Turbinate reduction is indicated for patients with turbinate hypertrophy, or enlarged nasal turbinates. Turbinates are membranes inside of the nose that warm and filter air as it travels through the nostrils. The human nose has inferior, middle, and superior turbinates. During a normal “nasal cycle,” these turbinates activate in response to hormonal changes, stress, and irritants by increasing blood flow and causing them to swell in size.
Turbinate hypertrophy causes functional impairment of breathing when the turbinates are too large, and swelling becomes problematic inhibiting airflow (Fig 3). Turbinate hypertrophy can be caused by temporary disorders such as infections and irritants as well as anatomical irregularities and lead to an excessive amount of mucus production causing nasal obstruction.
Turbinate reduction surgery can be performed using one of two methods. Depending on the patient’s needs and anatomy, Dr. Cangello will determine if simple turbinate outfracture or partial turbinate resection with mucosal reduction is an effective solution for reducing the size of the enlarged turbinates to improve nasal breathing (Fig. 4). Learn more about turbinate reduction here.
Subtotal Septal Resection
Subtotal septal resection is indicated for patients with nasal obstruction resulting from a deviation to the portion of septum located behind the columella (called the caudal septum) or anterior most segment of the nasal septum (referred to as the dorsal septum).
The caudal septum’s main function is to support the nasal tip. If the caudal septum is deviated, or is over-resected or removed in a prior nasal surgery, the tip of the nose may partially or completely collapse, causing nostril asymmetry and/or a drooping nasal tip (Fig. 5). This can lead to difficulty breathing through the nose as the airway becomes obstructed on one or both sides (Fig. 6).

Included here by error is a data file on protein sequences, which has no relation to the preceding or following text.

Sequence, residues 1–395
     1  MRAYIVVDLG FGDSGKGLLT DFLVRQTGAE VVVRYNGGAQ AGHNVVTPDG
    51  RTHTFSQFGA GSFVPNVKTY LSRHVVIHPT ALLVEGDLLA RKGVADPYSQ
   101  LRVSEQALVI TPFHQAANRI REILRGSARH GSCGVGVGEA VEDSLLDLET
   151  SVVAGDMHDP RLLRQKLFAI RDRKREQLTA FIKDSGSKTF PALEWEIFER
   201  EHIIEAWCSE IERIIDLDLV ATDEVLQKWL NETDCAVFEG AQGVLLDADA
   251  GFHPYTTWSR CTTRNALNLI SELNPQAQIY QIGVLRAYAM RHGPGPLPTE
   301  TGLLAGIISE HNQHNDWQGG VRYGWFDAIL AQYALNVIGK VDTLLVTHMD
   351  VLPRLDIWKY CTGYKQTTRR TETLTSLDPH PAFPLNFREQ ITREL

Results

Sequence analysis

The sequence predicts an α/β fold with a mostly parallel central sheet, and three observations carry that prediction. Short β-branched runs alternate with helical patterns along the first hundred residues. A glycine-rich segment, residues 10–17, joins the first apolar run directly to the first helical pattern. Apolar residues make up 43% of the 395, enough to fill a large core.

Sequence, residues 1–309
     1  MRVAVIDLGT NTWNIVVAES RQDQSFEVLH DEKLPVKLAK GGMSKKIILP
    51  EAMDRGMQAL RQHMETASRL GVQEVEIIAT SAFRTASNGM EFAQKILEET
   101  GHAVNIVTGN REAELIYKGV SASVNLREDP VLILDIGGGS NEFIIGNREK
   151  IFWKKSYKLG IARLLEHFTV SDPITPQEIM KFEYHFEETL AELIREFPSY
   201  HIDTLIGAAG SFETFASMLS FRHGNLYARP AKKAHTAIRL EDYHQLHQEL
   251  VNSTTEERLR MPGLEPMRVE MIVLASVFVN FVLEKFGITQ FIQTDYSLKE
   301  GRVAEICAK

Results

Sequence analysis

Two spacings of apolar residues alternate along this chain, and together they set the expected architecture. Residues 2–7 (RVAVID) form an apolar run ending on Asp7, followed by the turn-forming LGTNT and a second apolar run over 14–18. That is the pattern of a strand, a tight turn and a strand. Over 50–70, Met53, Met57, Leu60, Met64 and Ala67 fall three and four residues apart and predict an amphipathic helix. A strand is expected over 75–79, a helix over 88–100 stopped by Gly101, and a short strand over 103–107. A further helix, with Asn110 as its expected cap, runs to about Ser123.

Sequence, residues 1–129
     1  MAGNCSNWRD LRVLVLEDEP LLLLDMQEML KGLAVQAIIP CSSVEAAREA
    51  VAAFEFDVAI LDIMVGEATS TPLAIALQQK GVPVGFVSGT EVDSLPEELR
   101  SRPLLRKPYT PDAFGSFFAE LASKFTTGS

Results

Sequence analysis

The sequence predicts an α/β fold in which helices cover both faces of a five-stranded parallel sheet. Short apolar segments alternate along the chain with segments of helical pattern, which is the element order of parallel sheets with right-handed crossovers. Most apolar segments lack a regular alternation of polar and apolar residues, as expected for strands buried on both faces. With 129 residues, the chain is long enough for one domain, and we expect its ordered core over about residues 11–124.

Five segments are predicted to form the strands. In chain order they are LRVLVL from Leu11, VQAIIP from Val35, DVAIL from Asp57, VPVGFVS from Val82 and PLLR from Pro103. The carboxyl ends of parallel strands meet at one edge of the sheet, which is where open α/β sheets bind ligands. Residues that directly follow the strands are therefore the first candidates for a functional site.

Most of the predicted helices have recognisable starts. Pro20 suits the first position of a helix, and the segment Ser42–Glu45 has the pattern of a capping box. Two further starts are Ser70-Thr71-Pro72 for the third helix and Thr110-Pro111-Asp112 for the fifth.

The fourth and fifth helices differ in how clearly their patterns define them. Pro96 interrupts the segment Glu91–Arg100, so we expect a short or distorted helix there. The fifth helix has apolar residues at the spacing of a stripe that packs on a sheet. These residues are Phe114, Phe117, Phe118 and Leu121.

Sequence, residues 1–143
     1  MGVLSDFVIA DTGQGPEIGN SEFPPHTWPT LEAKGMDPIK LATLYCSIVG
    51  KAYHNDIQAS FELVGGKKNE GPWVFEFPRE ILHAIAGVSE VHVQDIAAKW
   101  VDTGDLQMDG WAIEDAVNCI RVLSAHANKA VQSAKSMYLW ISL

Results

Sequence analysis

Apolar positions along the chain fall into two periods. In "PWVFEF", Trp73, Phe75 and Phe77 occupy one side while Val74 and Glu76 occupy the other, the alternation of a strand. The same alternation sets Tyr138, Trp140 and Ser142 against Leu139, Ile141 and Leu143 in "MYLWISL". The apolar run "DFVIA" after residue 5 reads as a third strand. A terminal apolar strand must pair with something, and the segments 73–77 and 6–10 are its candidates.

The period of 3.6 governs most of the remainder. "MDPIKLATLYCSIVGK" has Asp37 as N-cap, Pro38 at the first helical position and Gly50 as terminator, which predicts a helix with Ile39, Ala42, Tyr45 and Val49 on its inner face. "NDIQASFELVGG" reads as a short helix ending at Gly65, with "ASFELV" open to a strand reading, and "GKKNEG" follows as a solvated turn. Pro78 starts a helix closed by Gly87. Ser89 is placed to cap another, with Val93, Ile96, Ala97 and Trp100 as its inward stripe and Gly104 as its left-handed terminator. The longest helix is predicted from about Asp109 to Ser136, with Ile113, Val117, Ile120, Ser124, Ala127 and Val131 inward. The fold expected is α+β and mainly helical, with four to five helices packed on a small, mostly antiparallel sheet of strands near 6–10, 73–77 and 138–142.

Subtotal septal resection requires nasal reconstruction using an open rhinoplasty approach. Dr. Cangello begins this complex procedure by making a small incision at the base of the columella to expose the caudal septum and insert a nasal speculum to spread the medial crura and expose the pertinent anatomy required for cartilage grafting.
Dr. Cangello will then remove as much septal cartilage required to eliminate the deviation and then replace this nasal segment with a new caudal septum to support the nasal tip, fashioned from a straight piece of harvested nasal cartilage.
This cartilage is grafted to the surrounding bone and cartilage, and the medial crura then sewn to the new caudal septum to establish proper nasal tip position and thus creating more symmetrical nostril openings for improved airways and nasal breathing (Fig. 7).
External Nasal Valve Collapse
External nasal valve collapse can occur as a result of over resection of cartilage from prior rhinoplasty or congenital deformities such as weak lower lateral cartilages which don’t provide sufficient support to the nostrils.
External valve collapse typically presents as the nostrils on one or both sides completely or partially collapsing inward when breathing. Surgery for this condition requires reshaping and strengthening the alar rim and surrounding cartilage with cartilage grafts using a marginal incision or alar-facial stab incision. This grafted cartilage can be harvested from the septum, rib, or ears.
External valve collapse correction can be an open or closed rhinoplasty procedure, and reinforcing the affected cartilage will effectively keep the external valves from continuing to collapse.
1 Mayo Clinic. Septoplasty. Available: https://www.mayoclinic.org/tests-procedures/septoplasty/about/pac-20384670#:~:text=Septoplasty%20(SEP%2Dtoe%2Dplas,known%20as%20a%20deviated%20septum. Accessed July 30, 2021.
2 The Laryngoscope. External nasal valve collapse repair: the limited alar-facial stab approach. Available: https://pubmed.ncbi.nlm.nih.gov/21344421/. Accessed October 8, 2021.